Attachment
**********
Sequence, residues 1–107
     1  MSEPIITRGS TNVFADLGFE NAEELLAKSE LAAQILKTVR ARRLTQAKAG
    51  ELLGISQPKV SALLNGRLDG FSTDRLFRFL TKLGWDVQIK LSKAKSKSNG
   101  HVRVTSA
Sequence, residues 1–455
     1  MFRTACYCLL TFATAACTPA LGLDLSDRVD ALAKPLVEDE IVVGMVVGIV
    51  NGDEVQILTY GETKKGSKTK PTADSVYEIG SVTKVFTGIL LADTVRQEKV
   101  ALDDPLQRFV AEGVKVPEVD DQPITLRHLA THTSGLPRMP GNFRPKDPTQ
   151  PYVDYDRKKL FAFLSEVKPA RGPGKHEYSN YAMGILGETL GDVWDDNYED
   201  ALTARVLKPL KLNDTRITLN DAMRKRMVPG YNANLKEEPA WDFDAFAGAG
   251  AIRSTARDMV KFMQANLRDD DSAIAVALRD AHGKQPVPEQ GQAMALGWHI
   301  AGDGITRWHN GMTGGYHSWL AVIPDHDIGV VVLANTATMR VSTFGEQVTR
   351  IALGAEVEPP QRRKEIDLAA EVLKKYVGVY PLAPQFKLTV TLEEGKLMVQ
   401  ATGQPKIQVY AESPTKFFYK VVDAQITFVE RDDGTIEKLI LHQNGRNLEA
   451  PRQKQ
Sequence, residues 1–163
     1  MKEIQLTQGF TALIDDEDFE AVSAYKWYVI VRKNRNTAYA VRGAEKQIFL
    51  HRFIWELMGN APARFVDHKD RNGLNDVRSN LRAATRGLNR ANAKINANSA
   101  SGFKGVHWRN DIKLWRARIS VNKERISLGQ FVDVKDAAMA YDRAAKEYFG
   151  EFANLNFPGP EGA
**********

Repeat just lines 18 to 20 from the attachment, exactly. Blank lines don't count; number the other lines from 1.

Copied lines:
    51  HRFIWELMGN APARFVDHKD RNGLNDVRSN LRAATRGLNR ANAKINANSA
   101  SGFKGVHWRN DIKLWRARIS VNKERISLGQ FVDVKDAAMA YDRAAKEYFG
   151  EFANLNFPGP EGA